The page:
Flashback Friday with Editor-in-Chief D. Randy Riggs - Vintage Racing’s New Friend

Flashback Friday with Editor-in-Chief D. Randy Riggs - Vintage Racing’s New Friend


Flashback Friday with Editor-in-Chief D. Randy Riggs - Vintage Racing’s New Friend


Vintage Racing’s New Friend by D. Randy Riggs from VM issue 2011.6 – Nov/Dec 2011

Photo: Allan Rosenberg

Remember the bad old days when women were not allowed in the pits at many motor racing events? What was that about, anyway? I never understood the reasoning behind such a rule—long, long overdue for a rethink. It was just one of the era’s many obstacles that women faced. Were the organizers concerned that the fairer sex might be injured or killed and afraid of the resultant negative publicity?

Were there stories going around about bad karma if females were present, like the color green and eating peanuts in the pits or car numbers that could be read upside down? Yeah, ol’ Joe had the acetylene torch going when this beautiful blonde babe sauntered past, Joe turned to have a gander and the next thing we knew, he’d set the car on fire… .

Sports car racing was the most open- minded about women in the pits and even let them race (not at Le Mans, however), but forget it at the ovals, especially Indianapolis, where even women reporters were banned from entering Gasoline Alley.

In my younger days I raced motorcycles at Ascot Park, but my girlfriend had to sit in the stands instead of handing me wrenches (she knew the difference between a 5/8 and a 9/16) or a Coke in the pits. That was about as dumb as the requirement for crewmembers to wear white pants, a perfect color for sitting in the dirt working around grease and oil. My girlfriend’s help and words of encouragement would have been welcomed like Ina Balchowsky’s welding skills were back in the 1950s at any Cal Club race.

I always thought that if a woman wanted to try something, she should be able to—minus the gender bias. So when women like Denise McCluggage raced sports cars in the ’50s and ’60s I followed her progress, and that of Shirley Shahan (Drag-On-Lady) and Shirley Muldowney in drag racing, then raised my eyebrows when Arlene Hiss became the first woman to qualify and run in an Indy-car race at Phoenix in 1976. Had hell frozen over? Hiss’ run was five years after women were finally allowed into the pits and garages at Indy. Janet Guthrie followed that up by making the Indy 500 starting lineup in 1977, signaling that something big had happened since the days when women were shut out.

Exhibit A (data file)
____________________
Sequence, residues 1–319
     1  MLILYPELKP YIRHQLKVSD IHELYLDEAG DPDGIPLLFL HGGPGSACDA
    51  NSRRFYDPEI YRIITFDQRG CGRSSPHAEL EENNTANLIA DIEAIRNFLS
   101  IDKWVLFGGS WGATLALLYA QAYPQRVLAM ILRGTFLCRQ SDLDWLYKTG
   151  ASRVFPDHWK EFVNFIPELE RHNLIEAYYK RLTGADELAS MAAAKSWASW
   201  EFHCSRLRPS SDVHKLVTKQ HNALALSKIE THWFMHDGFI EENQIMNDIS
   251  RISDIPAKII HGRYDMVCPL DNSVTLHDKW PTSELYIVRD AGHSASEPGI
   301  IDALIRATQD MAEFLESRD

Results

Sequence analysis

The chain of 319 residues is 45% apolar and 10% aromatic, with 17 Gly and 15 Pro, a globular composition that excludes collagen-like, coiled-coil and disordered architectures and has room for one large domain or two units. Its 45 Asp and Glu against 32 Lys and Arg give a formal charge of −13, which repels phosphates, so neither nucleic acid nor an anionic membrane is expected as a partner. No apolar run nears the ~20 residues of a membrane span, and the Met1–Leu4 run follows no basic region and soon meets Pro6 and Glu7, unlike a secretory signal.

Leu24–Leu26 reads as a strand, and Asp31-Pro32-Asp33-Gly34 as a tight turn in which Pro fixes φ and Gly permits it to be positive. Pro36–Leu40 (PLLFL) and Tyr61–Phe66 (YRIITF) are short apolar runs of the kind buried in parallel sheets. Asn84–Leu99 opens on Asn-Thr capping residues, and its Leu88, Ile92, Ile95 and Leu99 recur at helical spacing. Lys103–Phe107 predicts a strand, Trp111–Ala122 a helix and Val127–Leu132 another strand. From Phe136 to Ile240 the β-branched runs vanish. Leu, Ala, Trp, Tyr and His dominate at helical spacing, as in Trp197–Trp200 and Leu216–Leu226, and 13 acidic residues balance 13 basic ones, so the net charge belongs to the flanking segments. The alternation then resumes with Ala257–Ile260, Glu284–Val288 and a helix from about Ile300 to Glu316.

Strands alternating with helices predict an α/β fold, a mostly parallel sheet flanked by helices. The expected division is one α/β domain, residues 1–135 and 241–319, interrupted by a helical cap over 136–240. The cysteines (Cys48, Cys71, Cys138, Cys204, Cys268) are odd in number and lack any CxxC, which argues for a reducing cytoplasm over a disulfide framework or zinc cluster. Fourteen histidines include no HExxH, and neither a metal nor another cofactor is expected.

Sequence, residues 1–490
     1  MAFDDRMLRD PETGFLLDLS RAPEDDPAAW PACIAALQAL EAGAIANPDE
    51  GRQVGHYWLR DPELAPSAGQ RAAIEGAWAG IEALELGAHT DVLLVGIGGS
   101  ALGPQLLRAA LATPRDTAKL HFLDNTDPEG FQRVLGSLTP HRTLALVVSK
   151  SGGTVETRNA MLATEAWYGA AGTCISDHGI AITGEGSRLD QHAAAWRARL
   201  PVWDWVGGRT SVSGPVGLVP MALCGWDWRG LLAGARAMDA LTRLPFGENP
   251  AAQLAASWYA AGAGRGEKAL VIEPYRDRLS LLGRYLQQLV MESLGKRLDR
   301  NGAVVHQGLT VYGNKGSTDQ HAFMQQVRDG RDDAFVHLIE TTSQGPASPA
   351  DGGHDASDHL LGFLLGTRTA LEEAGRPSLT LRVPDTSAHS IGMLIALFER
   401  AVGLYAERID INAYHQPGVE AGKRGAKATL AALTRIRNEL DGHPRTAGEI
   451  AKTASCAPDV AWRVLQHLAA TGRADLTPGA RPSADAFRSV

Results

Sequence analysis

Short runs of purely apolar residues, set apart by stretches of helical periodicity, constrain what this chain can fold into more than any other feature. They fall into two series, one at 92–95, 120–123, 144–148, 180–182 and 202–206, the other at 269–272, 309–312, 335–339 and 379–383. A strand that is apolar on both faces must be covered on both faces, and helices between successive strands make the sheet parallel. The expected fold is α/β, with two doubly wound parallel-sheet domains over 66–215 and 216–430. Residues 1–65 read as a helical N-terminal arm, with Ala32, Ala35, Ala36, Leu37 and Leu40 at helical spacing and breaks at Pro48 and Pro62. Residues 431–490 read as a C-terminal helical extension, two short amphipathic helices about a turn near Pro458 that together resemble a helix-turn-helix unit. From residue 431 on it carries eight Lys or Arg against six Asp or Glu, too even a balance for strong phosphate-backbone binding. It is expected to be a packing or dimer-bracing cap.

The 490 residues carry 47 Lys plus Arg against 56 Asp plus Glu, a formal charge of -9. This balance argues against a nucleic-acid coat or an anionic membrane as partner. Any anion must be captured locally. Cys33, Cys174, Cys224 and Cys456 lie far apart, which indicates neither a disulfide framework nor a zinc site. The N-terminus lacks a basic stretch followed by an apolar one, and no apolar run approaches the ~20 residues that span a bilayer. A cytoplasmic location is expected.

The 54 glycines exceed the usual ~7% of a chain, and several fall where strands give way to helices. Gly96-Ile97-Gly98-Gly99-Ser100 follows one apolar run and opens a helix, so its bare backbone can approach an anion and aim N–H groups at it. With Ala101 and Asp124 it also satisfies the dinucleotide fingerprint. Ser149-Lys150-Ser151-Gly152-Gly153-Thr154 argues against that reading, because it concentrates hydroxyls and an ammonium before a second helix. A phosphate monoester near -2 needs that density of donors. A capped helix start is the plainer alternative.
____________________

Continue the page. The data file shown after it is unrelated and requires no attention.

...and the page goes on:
Lyn St. James was another lady in the Indianapolis racing headlines, having begun her career in a lowly Ford Pinto, but making a name and proving her mettle in both IMSA GTO and SCCA Trans-Am—a class winner at the 24 Hours of Daytona and the 12 Hours of Sebring. Her first go at The Brickyard in 1992 resulted in an impressive 11th-place finish and the “Rookie of the Year” award, 26 years after she attended the Indy 500 with friends where the race had made an indelible mark on her psyche.

I had an opportunity to meet the veteran of seven Indy 500s recently at the Classic Sports Racing Group’s (CSRG) Charity Challenge at Infineon Raceway, where Lyn was the event’s Grand Marshal. Best of all, she’d be racing, thanks to a chance meeting with Jon Norman at the Riverside Raceway Reunion earlier this year. Norman arranged for Lyn to drive Chris Locke’s ’77 Chevron B29 Formula Atlantic car in the event’s Group 8 race, something she was very excited about.

It was not Lyn’s first time to a vintage race, having participated at the Goodwood Festival of Speed and at a few other events. But it had been awhile since she’d sat in a race car, and she familiarized herself with the Chevron at John Anderson’s shop before turning laps. Re-learning Infineon’s tricky and technical circuit was a challenge, but you could see Lyn’s focus and concentration and the fact that she took the opportunity seriously. No one who knows this racer would be surprised by that, because this was Lyn’s approach throughout her entire racing career.

Upbeat and personable, Lyn became one of the gang over the weekend, always ready to talk to a fan, sign an autograph or hear another racer’s words about how to drive the racetrack. She ran consistent lap times, smooth and precise, and never put a wheel wrong in a full field of open-wheel race cars.

Thanks to Chris Locke for loaning his car out and to Lyn for joining us. You’re welcome back anytime!

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